I first brushed shoulders with David Eby a dozen or so years ago before he was appointed our BC Attorney General, sometime in 2013. ‘Brushing shoulders’ is definitely just a figure of speech as Mr. Eby is very tall. I am not tall and at the time was being dragged in and out of courtrooms over multiple charges of contempt of court. Mr. Eby was there on other matters. However, in a pause of court shuffling in the outside corridors of the law court we did exchange a few words about the provincial use of injunctions to arrest environmental protesters.
As a lawyer, David Eby seemed rather sympathetic to my complaints about how the use of injunctions in environmental matters might be excessively used by the courts. He was young, fresh faced and personable. I wasn’t surprised to lean a few years later that he’d been appointed to be BC Attorney General. However, I don’t know what to think of him now.
But first, what is an Attorney General (AG)? According to the BC Government website, “The Attorney General (AG) is responsible for ensuring that public administration is conducted according to the law and as such, he or she is the chief advisor of law to the government, in addition to overseeing the court system and Sheriff Service”. Basically, the AG is there to advise the BC government on matters of law. AGs are supposed to be the experts on the interpretation of provincial law. And so their word is the last word on the matter provincially.
This means that the Office of the Attorney General is very much implicated in the how the court system operates, and how the law is interpreted. And yet the BC Government website also tells us, in numerous places, that the AG is also in charge of protection and promotion of human rights.
I think there is a contradiction here. When the method of using the courts is inappropriate and unjust from a human rights perspective to deprive environmental protesters of access to the law that is afforded to all other classes of criminals, then something is rotten, not in Denmark, but in BC. And that something has much to do with the forest fires now sweeping BC.
First Nations people have known for a long time how to burn the brush in the woods to prevent wildfires from taking hold and burning great swaths of the forests in the fire season. Logging companies didn’t, and still don’t, like controlled bush burning. Why? Because they have no respect for the ancient knowledge of First Nations people, and secondly, it would require thoughtfulness and the logging corporations don’t care – its not in their interest of short-term maximizing profits at the expense of future generations. But the way our system works it is not their business to care. Their business is... well, business. Not only are the forests completely demolished by this use, but the soil that holds forests together is degraded, turning many mountain sides into mud slides in the rainy season, no longer able to hold little trees or even brush.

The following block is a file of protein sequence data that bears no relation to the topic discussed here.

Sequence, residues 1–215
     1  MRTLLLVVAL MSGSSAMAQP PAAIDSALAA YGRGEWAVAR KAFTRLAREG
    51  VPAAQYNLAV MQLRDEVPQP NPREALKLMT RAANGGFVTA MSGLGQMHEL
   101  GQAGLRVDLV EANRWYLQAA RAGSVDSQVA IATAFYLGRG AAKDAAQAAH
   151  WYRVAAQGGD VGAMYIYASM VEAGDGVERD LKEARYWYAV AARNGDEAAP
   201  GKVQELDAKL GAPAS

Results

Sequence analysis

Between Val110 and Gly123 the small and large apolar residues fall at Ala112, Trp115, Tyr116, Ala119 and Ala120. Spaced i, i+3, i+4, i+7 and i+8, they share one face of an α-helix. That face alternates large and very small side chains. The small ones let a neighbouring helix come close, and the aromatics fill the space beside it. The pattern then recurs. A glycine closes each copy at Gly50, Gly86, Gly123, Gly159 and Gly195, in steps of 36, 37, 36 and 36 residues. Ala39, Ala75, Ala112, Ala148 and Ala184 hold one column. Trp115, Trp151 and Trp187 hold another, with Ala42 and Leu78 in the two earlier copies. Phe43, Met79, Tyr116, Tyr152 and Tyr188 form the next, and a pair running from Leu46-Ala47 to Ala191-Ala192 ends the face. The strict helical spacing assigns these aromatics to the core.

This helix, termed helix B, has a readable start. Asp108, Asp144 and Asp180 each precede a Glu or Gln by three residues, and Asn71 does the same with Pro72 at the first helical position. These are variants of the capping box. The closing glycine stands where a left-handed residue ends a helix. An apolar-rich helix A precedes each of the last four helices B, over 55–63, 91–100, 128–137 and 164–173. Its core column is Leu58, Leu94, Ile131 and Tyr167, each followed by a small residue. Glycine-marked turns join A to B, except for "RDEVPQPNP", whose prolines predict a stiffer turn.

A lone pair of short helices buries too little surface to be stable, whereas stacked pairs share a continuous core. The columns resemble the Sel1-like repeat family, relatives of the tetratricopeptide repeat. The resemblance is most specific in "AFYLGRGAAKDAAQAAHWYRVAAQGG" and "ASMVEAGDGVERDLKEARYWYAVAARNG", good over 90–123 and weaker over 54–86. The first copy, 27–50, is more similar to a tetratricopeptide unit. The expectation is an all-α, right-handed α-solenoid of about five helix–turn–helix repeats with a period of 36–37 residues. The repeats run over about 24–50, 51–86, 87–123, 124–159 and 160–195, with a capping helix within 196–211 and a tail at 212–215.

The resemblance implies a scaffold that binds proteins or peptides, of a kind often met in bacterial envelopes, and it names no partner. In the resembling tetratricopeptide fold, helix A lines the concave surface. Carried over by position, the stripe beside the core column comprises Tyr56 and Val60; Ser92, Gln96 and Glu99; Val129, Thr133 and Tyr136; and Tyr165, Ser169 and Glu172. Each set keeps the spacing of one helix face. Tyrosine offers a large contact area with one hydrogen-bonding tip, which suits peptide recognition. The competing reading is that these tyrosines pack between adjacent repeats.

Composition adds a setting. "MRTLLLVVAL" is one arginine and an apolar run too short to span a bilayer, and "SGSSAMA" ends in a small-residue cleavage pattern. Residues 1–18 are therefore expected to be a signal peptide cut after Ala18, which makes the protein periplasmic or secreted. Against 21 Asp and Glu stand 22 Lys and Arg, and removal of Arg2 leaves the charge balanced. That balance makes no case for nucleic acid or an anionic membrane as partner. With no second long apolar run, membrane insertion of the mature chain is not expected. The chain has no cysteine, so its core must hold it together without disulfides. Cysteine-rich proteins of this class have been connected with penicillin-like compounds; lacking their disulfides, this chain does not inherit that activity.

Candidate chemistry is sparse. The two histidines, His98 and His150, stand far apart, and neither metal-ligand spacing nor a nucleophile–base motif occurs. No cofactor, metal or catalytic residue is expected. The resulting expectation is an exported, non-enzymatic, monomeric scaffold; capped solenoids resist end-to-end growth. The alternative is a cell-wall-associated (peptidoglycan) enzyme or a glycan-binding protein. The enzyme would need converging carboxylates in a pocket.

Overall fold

When a BC judge issues an injunction to stop an environmental blockade, he or she is doing one sure thing. Arrest under the injunction makes known that the court is announcing that they are transferring the public property in question, belonging to the citizens of BC and First Nations, to that of the domain of private property of a logging company.
Where is our Attorney General in all of this? Where is David Eby? He knew way back that arrest by injunction was not the best way to practice law in environmental disputes. He said to me that afternoon leading into the courtroom that there were problems with the injunctions in relation to environment disputes. In retrospect I don’t think he meant what he was saying then. Or he has changed his mind since. I mostly think he was just trying to sooth an agitated little old lady who seemed from her actions to probably be off her rocker.
But he knew – and he knows now. That it is wrong to transfer public property into private property without the consent of the legal owners of the public property. How is that not illegal? Made even more nefarious because of the deliberate turning away from the duty to protect the legal rights to protest without the interference of the court to intrude on these rights by going outside the law.
David Eby is turning aside from his duty to protect human and legal rights, which has led and will continue to lead to more clear cutting, more forest fires, more loss of human and animal life. Where are you now? Are you going to hide behind the law as the rest of us left here to witness the burning? Or are you going to act as a true leader? The choice is yours.